Page:The Harvard Classics Vol. 51; Lectures.djvu/51

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EXPANSION has been the very law of American life. In the treaties which record the successive annexations of the territory of the United States we may read the story of the nation's acquisition of its physical basis, a basis comparable in area and resources not to any single European country but to Europe as a whole. If a map of the United States is laid down upon a map of Europe drawn to the same scale, with San Francisco resting on the coast of Spain, Florida will occupy the land of Palestine, Lake Superior will be adjacent to the southern shore of the Baltic, New Orleans below the coast of Asia Minor, and the shores of North Carolina will nearly coincide with the eastern end of the Black Sea. All of Western Europe will lie beyond the Mississippi, the western limits of the United States in 1783. These treaties[1] mark the stages by which the Union acquired an area equal to all nations west of the Black Sea.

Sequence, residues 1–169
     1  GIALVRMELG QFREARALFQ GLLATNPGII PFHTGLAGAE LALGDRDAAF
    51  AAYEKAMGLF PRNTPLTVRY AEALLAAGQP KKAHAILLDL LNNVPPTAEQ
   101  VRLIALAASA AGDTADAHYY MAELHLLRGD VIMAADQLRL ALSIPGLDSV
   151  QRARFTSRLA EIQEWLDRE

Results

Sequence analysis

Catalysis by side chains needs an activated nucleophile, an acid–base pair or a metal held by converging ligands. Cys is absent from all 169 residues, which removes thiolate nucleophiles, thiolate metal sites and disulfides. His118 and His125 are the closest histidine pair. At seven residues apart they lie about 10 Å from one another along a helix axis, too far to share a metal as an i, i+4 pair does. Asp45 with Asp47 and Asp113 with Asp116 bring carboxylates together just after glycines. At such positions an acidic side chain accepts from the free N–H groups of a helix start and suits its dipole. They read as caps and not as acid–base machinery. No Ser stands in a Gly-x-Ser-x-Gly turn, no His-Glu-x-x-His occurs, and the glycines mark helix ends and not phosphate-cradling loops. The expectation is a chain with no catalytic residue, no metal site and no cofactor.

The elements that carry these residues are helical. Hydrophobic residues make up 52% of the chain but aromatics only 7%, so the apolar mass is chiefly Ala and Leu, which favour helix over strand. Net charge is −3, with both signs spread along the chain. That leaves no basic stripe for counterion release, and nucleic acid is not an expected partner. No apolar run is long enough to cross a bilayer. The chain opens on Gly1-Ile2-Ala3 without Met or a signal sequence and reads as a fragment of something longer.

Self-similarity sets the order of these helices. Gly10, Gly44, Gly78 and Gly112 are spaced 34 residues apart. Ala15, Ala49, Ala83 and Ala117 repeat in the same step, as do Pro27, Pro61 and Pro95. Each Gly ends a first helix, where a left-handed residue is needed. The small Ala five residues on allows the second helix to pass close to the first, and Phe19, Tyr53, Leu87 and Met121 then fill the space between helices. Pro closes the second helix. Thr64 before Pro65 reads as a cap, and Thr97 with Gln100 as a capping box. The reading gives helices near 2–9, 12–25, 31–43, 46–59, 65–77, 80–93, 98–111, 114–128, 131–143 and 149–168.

Freed from the fear of French attack after the peace of 1763, the thirteen colonies declared their independence. Against the wishes of Spain, and even against the pressure of her French ally in the Revolutionary War, the United States secured from England by the treaty of 1783[2] boundaries which extended along the Great Lakes, west to the Mississippi, and south to Florida, as well as the free navigation of the Mississippi. Spain recovered from Britain Florida which she had conquered in the course of the war.

But these boundaries were only paper rights, for England failed

  1. The references in this lecture are to the volume of American Historical Documents, and especially to the collection of treaties, Harvard Classics, xliii.
  2. H. C., xliii, 174.